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The best and the worst.
I am co-writing a webcomic, and I am trying to properly flesh out the special hellish training several characters have had, and how they did. These characters are Warbirds, genetically engineered males who were seeded into US families with strong military traditions to ensure they would join the military and would likely not harbor much resentment.. They were engineered to be the perfect human soldiers. No possibility for genetic disease or disorder, dense bones, incredibly tough muscle, low-level genius, basically every human trait that could assist you in combat has been maximized. They are definitely still human, though. The only 'power' they have is training to rapidly adjust their metabolisms, able to go for days without eating anything but carrion or speed up to recover from injury faster. The character I am mostly thinking of is Lietenant Klantz Murphy. What I know is that he was in the Marines, before transferring to the SEA Ls. He has also cross-trained with the SAS and Gurkhas, where he picked up using a Kukri as his signature weapon. As for actual combat, the US has been involved in a war in South America, so he is an expert jungle fighter, although he is also experienced in deserts. In combat, he is the close-combat specialist. I am still deciding what martial arts he would be trained in, I was considering Krav Maga. So, my question is: What kinds of hell has this guy been through?
Me and my friend's collaborative webcomic:
I can think of two good examples you might like to look at. The first is perhaps a toned down version of the Marine training from Full Metal Jacket. Certainly R. Lee Ermy wouldn't get away with doing today what he did in the film, but certainly from a training and discipline aspect some of it would apply. The other is Underwater Demolitions Training, what Richard Marcinko went through before there were SEALS. They did a lot of swimming. A lot of swimming. Going through mine fields with live charges set off next to them and shot at. They carried a lot of heavy logs or rafts with the instructors in them as they were hit with oars for motivation. When the trainees ran in for food and a few minutes rest the instructors would deflate the rafts then order they were pumped up by hand, until the trainees got the idea of posting guards. An old swim test involved diving into the deep end of the pool, recovering buckets of rocks, swimming as far as you can, dropping, getting air then doing back down to recover them. One guy, incidentally, walked the whole way on the bottom of the pool on account he couldn't swim, and the instructors saw that He. Would. Not. Quit and taught him to swim. The fifth week is the appropriatly named 'Hell Week' and the trainees are sleep deprived for five days. Back in Marcinko's time this was more of the same, and each team would be competing against each other with the losing one competing in the circus, physical training until they quit, collapsed or died while they were constantly abused. The final test was something like a five mile swim then a five mile run in full combat gear (the outfits were twenty five pounds wet, and the instructors made sure they always were.) Those who survive the ordeal go to SEAL heaven, a tropical paradise with unlimited alcohol, girls and explosives to play with. Here they'd do even more swimming, underwater swimming, learning what to do if there's a problem like nose bleed (forget the sharks, purge your mask,) underwater demolitions, enterprising instructors might get the trainees to build straw huts, fond hats, beer can picket fences and beer bottle wind chimes to occupy their time, and have them climb the tallest trees for the best materials. This goes back to one of the exercises in UDT that involved a row of logs. If you could make the distance from one to the other easy then the height would be next to impossible, and if the height was easy then the distance would be too far unless the trainee summoned every bit of effort he could muster. Marcinko would take the idea of satuation training when he commanded SEAL Team Two. According to the rules the minimum jumps, dives and shooting was a pitiful amount. Marcinko would order more ammo that they burned through than the entire Marines, fifty jumps at least, constant life fire exercises through 'kill houses.' And he ordered the very best spit and polish and discipline from his men, no beards, clean offices, all equipment was to be examined and maintained at all times (before the covert nature of SEAL Team Six and Red Cell sent some of that out the window.) If you'd like further details I have some of the Rogue Warrior books on hand that would cover some of the training you're wondering about, but hopefully this will be of help.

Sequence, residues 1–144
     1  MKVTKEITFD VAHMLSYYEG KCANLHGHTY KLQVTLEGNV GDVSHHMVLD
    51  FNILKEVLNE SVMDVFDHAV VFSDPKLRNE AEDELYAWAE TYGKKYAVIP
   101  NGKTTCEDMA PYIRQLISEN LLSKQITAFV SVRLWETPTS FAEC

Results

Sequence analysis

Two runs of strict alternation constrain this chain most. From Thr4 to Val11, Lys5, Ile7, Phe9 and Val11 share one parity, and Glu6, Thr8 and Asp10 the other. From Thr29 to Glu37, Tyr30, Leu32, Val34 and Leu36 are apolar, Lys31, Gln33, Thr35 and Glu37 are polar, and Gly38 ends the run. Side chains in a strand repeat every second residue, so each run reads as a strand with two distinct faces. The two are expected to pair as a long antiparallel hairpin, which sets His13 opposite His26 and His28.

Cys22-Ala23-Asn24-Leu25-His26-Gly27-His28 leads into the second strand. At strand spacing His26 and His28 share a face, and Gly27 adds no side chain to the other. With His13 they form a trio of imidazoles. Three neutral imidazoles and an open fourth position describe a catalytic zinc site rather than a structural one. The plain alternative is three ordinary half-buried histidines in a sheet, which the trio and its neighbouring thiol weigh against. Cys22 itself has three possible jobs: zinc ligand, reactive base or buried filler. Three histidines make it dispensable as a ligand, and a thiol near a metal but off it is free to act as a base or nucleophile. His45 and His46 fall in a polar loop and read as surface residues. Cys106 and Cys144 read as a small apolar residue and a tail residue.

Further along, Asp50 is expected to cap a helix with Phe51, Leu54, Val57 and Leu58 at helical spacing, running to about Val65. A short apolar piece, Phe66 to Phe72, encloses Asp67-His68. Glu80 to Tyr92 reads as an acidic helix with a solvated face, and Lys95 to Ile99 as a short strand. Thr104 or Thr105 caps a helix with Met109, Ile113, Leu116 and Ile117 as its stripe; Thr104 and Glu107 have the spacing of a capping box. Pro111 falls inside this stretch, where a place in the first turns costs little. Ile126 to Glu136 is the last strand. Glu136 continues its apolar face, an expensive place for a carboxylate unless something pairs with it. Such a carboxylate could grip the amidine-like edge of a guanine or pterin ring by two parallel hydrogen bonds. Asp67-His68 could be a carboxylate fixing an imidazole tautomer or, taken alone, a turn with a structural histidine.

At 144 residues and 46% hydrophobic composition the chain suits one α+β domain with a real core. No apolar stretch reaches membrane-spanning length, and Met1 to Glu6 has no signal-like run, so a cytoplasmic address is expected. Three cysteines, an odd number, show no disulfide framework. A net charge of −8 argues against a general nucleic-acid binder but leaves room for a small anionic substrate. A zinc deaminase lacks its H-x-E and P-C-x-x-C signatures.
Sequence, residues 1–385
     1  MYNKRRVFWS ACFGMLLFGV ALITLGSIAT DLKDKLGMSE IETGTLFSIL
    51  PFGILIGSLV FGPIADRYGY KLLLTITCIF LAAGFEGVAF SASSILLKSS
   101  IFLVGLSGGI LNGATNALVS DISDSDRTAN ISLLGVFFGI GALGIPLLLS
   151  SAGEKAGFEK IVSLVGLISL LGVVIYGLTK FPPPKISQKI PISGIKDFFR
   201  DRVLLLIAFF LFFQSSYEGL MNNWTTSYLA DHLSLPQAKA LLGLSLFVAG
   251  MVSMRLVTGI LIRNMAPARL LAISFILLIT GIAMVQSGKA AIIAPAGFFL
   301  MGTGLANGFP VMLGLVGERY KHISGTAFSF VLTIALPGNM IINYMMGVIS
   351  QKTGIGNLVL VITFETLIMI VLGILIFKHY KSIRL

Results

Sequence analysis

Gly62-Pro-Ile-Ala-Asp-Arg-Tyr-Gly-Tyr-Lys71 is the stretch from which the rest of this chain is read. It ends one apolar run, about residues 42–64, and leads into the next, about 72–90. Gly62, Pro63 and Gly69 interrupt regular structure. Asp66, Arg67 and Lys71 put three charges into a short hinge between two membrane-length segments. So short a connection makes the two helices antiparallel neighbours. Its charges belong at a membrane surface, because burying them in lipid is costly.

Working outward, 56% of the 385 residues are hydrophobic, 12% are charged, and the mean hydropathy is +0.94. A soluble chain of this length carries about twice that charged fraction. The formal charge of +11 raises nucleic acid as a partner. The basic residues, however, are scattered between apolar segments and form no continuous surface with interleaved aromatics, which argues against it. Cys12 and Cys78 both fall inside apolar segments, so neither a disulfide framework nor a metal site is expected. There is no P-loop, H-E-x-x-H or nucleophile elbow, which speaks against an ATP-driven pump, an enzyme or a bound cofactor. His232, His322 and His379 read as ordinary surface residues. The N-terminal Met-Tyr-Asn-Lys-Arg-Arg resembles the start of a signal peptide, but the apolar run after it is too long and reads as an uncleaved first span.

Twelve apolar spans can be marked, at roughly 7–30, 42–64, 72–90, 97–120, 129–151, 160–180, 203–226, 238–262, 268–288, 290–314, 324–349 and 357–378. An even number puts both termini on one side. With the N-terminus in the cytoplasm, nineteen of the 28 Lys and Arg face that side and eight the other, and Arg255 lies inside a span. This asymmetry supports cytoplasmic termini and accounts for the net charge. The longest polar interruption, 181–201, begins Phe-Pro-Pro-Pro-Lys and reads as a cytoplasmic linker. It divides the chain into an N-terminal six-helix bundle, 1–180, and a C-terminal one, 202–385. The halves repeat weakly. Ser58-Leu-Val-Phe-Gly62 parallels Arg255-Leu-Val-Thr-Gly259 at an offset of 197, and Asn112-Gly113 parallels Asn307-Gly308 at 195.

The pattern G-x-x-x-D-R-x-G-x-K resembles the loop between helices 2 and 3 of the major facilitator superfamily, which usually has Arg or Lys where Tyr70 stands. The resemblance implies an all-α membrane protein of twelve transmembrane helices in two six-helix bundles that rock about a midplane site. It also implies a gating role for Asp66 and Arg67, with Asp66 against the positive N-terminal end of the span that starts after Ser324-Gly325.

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Total posts: 21